Following up The 40 Year Old Virgin, writer/director Judd Apatow looks at a different side of sex: the after-effects. Katherine Heigl boosts her career as the inadvertently pregnant unlikely girlfriend to hilariously funny Seth Rogen. Like Apatow’s previous directorial effort, Knocked Up has a gentler side to go along with some gross-out, stoner comedy that helps raise it above generic romantic comedy status.
Aside from its more conventional turns, Apatow draws most of his comedy from the witty dialogue that’s deeper than it may appear at first glance. For its barrage of sex jokes, pop culture barbs, and incredible amount of pot, there is an intelligent movie here. It’s one that’s enormously entertaining and funny, too.
When Knocked Up isn’t trying to be funny, the serious side comes together. Tender, touching moments will appeal to the chick flick crowd while still offering enough for the non-chick flick crowd to get into. The movie stalls for a while as the relationship breaks down and they go their separate ways. Comedy takes an overly long backseat, and if you don’t buy that these two people could be together (it’s never made out to be likely) you could be in for a long haul.
Past that half hour comedic rut (which isn’t a complaint but a refreshing change of pace), Knocked Up comes back full force for the finale. Heigl is hysterically funny as she gives birth, though it could be a case of it’s funny because it’s true. Rogen’s friends, including Superbad’s rising star Jonah Hill, add another layer of character to lighten the mood when things don’t go as planned.
Knocked Up may not have a laughs-per-minute ratio compared to 40 Year Old Virgin or Superbad (the latter of which Apatow produced), a stronger focus on mild drama and character make this memorable for different yet equally commendable reasons. This is a must-have comedy.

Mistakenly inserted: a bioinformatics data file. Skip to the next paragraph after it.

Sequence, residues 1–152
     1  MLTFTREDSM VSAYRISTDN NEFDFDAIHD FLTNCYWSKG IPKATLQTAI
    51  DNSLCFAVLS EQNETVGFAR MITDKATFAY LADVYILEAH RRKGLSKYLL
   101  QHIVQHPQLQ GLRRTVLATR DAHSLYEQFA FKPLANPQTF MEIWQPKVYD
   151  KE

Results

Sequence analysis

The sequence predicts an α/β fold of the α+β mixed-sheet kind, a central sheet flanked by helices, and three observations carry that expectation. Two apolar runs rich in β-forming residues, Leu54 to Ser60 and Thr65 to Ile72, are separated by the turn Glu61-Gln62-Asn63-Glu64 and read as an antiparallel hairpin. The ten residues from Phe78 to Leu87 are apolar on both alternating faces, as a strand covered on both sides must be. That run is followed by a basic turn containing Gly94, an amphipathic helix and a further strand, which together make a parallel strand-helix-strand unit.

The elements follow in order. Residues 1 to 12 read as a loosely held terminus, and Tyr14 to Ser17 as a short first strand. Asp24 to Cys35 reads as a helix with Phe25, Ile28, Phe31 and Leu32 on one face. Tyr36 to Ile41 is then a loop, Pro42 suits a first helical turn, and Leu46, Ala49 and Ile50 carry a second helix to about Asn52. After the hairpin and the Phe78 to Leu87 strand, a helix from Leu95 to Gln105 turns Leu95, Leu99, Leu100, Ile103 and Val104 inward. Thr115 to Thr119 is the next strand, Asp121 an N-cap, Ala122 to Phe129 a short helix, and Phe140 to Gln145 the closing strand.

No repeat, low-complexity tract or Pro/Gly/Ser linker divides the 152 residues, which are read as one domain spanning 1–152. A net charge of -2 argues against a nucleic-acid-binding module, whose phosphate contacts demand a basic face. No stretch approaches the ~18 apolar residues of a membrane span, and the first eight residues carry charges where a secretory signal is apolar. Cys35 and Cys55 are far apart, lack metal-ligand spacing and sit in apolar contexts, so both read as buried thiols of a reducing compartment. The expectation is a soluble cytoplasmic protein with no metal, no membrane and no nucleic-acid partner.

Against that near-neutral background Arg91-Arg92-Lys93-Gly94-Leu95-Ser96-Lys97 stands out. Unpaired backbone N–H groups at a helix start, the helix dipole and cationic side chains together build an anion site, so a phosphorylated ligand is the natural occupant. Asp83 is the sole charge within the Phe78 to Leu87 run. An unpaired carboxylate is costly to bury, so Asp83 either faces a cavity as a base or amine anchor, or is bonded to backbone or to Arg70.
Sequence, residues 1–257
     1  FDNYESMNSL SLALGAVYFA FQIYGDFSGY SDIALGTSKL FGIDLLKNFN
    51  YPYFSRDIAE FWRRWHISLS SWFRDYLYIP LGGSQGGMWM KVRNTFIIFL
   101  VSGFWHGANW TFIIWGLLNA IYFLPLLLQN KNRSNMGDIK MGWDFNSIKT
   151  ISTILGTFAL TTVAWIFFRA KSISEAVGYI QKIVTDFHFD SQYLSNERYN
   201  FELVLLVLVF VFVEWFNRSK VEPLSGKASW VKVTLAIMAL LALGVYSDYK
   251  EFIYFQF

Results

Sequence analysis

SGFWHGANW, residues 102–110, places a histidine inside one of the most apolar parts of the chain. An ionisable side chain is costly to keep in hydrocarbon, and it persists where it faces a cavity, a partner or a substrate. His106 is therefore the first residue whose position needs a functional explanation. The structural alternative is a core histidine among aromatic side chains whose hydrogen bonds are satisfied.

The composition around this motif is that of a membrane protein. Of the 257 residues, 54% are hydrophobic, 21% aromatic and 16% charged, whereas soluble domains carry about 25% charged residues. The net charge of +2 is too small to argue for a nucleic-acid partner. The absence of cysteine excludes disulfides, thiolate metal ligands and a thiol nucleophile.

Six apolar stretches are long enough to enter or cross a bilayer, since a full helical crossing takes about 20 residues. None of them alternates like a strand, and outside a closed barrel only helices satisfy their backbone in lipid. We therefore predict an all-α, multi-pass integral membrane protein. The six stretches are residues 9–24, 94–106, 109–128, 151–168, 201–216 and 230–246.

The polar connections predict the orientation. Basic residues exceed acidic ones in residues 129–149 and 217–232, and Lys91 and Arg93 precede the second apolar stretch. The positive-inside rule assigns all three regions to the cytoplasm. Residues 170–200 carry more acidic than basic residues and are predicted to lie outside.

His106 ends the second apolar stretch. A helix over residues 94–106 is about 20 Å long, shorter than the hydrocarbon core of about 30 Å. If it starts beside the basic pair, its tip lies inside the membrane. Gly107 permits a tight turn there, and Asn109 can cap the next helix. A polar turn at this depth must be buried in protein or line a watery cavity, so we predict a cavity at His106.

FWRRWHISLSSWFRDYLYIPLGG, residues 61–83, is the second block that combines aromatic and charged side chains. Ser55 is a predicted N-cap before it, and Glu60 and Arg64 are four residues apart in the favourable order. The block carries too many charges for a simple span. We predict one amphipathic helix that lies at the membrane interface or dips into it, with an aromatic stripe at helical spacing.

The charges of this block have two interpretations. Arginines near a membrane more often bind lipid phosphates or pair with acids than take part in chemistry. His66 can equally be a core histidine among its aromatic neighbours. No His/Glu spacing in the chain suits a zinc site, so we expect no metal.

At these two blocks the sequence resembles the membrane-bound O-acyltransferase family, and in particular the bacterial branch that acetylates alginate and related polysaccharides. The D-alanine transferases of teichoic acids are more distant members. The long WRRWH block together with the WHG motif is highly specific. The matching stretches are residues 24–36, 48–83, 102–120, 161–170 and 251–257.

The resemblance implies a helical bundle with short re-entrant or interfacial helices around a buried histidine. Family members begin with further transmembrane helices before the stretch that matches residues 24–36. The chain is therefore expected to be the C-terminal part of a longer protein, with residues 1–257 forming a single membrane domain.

Knocked Up comes to HD DVD with a soft transfer that lacks a layer of sharpness the format is known for. Details are lessened, and a minor grain is prevalent throughout. Color is brilliant, and the black levels rich. It’s a definite step up over the standard DVD, though the gap isn’t as wide as it should be.
Being dialogue-driven, the film only has a few chances to show off its audio force. The music during club sequences is powerful, while any surround speaker use is drowned out to the point of being inaudible. There’s little else to judge here.
A large roster of 14 deleted scenes begins a decent set of extras, and runs for 19 minutes. A minor alternate ending is included in the bunch. Four extended scenes follow this. Line-o-rama is a montage of improv lines from certain scenes that is sadly short at three minutes.
Gag reels are always worth watching, and Knocked Up provides one three and a half minutes long. Roller Coaster Doc is a five minute look at Jay Baruchel’s fear of roller coasters and how the crew coerced him onto one for a single take. Directing the Director is a satirical look at a co-director who was brought in to calm Apatow’s ego (or not), and a live performance of a song from the soundtrack follows this.
A commentary includes Rogen, Apatow, and Bill Hader as they discuss the shoot. U-Control is again featured on this Universal disc, and not surprisingly, the features are only accessible as you watch the film via picture-in-picture. You’ll need to watch the movie twice and make sure you catch all prompts to see everything. Online features which are supposed to include downloadable trailers would not work after multiple tries.
Apatow considered making this a true follow up to the 40 Year Old Virgin by setting it in the same store, Smart Tech. Regardless, Steve Carell does have a small cameo at an awards show. It’s not the same character (he plays himself), but it’s a small nod to Apatow’s prior success.